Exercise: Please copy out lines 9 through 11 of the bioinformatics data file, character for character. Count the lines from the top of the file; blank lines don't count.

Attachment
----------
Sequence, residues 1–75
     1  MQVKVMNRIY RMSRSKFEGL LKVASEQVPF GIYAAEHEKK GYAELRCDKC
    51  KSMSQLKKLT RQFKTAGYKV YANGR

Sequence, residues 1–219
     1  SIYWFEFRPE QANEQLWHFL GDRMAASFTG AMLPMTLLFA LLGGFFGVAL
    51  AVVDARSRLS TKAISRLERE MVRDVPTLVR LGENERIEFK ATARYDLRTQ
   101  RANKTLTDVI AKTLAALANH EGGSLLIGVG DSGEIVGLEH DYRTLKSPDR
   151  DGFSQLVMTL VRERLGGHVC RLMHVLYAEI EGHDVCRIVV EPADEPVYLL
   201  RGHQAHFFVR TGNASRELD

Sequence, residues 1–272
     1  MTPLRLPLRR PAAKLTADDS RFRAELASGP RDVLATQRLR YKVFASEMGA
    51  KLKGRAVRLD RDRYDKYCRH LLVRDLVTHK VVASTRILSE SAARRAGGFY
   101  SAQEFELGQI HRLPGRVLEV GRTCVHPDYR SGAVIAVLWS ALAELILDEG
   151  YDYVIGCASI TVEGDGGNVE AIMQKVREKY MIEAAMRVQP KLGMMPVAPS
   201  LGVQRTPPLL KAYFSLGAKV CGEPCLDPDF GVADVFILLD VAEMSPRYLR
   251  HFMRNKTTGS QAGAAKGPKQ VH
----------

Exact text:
   201  RGHQAHFFVR TGNASRELD

Sequence, residues 1–272
     1  MTPLRLPLRR PAAKLTADDS RFRAELASGP RDVLATQRLR YKVFASEMGA